Do you assess air quality in your organization? Please share which parameters you control.


Air in food products facilities is a vector of contamination, moving from one place to another, and should be a concern to food safety practitioner’s as well as, for example, contamination by surfaces. Contaminants can be dispersed by aerosols consisting of solid (e.g. dust) or liquid (e.g. condensation water) microscopic particles dispersed in air. These particles may carry microorganisms (bioaerosols) such as pathogenic bacteria or fungi or even viruses, spores or allergenic substances.

Aerosols may enter food production areas by several ways:

  • Drains
  • Doorways and other openings
  • Disinfection tunnels
  • Compressed air supplies
  • During cleaning and washing operations
  • Packaging
  • Poorly designed/maintained air handling systems
  • Roof leaks

Besides that, various processing operations such as dicing, chopping, mixing, etc., generate aerosols, increasing the risk of contamination.


Controlling movement of air and generation of aerosols should be taken seriously


According to Airborne Contamination: A Microbiologist’s Perspective, it’s believed that liquid or solid particles size range from 5 to 20 µm. Particles smaller than 5 µm are expected to persist suspended in the air of a facility for an extended time and may be reduced by fogging with appropriate sanitizer. Particles larger than 20 µm are likely to settle quickly and can be removed by adequate cleaning and sanitation techniques.

Controlling movement of air and generation of aerosols should be taken seriously when planning facilities layouts and even the day-by-day operations, particularly for high risk products.

The relevance of the air system to guarantee an acceptable level of contamination inside food products facilities is proportional to the product’s risk. In the case of low-risk products, such as packaged food products, stable at room temperature and/or subjected to thermal processing by the consumer, the system may have less demanding characteristics (e.g. filtration requirements). On the other hand, in high risk products, such as ready-to-eat foods, the air supply is critical to prevent contamination and control microbiological risks. Mainly in medium and high risk food products’ facilities it is also common to have physically separated areas for some particular steps of the process where the probability of product contamination is higher.

Air systems can control or reduce the risk of product contamination by two different approaches, according to the way they interact with the contamination source:

  1. Indirectly: acting on the conditions (e.g. temperature)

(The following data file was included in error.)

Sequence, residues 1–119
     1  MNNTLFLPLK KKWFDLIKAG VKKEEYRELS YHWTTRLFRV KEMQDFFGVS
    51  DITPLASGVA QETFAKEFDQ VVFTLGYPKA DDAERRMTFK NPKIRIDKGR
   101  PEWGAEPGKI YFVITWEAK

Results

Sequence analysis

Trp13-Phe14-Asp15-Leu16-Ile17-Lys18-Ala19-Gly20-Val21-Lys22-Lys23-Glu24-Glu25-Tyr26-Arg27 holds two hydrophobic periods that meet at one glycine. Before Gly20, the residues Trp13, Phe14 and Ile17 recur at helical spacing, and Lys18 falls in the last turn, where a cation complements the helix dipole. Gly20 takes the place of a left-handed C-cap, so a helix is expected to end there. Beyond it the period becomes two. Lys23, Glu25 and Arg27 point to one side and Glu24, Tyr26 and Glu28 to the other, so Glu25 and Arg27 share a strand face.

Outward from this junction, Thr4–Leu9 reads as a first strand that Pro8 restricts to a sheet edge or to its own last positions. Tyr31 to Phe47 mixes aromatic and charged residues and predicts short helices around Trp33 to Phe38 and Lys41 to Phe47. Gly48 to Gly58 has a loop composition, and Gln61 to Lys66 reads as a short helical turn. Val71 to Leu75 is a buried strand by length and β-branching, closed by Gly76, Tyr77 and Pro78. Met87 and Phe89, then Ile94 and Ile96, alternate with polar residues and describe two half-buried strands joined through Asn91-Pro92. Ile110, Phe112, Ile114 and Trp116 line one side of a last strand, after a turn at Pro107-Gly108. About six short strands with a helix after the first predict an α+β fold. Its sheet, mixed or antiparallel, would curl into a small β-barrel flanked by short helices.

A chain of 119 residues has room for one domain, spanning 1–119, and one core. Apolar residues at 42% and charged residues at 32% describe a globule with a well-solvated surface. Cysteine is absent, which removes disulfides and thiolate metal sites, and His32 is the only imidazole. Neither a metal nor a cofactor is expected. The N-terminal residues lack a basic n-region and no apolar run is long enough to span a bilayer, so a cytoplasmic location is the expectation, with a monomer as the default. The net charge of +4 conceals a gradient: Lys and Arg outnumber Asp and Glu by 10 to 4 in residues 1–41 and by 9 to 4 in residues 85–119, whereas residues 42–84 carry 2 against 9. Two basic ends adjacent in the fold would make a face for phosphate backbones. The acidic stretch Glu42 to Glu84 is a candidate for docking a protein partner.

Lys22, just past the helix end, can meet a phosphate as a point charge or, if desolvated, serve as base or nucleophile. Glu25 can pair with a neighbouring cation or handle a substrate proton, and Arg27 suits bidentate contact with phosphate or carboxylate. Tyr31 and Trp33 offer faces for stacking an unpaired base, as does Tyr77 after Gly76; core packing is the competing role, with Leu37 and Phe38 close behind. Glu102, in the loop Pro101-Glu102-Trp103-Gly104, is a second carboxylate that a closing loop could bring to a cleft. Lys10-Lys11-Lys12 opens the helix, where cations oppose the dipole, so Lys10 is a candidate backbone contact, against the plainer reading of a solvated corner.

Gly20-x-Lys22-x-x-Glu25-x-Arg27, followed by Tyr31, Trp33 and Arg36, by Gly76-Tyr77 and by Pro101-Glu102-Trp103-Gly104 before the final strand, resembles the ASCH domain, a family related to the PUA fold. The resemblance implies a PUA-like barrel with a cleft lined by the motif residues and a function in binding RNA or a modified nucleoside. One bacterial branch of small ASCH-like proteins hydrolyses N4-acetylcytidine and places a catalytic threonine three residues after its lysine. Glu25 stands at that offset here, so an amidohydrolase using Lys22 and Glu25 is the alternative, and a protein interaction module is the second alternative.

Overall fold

2. Directly: acting on the sources of contamination (e.g. removing dust)

The design of air systems predominantly influences the contamination risk in four ways.

In some facilities or in some special production areas where overpressure is used, the volume of air introduced by the air system should be enough to guarantee the continuous outflow of air, preventing contaminated air to flow in. In practice achieving this constant outwards flow can be challenge, mainly when doors are opened, and every opening should be taken in consideration when designing the room (e.g. conveyors, drains, light fixtures,…).

The importance of air quality, and particularly of air flow, in preventing cross-contamination was mentioned in June’s article. To be effective, the installation should be designed so that the air flows from the less contaminated areas, typically where finished products are processed, to the more contaminated areas, usually close to where raw materials are received.


All standards mention the importance of maintenance and monitoring of ventilation and air systems


It is also important to take in consideration that the quality of air inside food product facilities impacts the employees comfort and health.

BRC, SQF and FSSC 22000 address air quality on their food safety systems in a dedicated clause (a table that resumes the information about air quality in those systems will be sent to all Food Safety Books Connected members). These clauses mention that air shall be monitored to ensure it does not represent a contamination risk. In FSSC 22000 it is mandatory to establish requirements for filtration, humidity and microbiology of air used as an ingredient or for direct product contact. Maintenance of specified air pressure differentials between two different areas is mentioned in FSSC and BRC.

All standards mention the importance of maintenance and monitoring of ventilation and air systems (filter changing is predicted in all, except SQF). IFS does not mention air quality in particular but has a dedicated clause about air conditioning/ventilation. In the clause about sanitary facilities, the use of adequate ventilation and a mechanical airflow from contamination area to a clean area is referred.

This article was written in collaboration with Gabriela Silva


Disclaimer: The information contained on this article is based on research done in the last months and the authors personal experience and opinion. It is not intended to represent the view of any organization they work for or collaborate with. The authors will not be held liable for the use or misuse of the information provided in the article.

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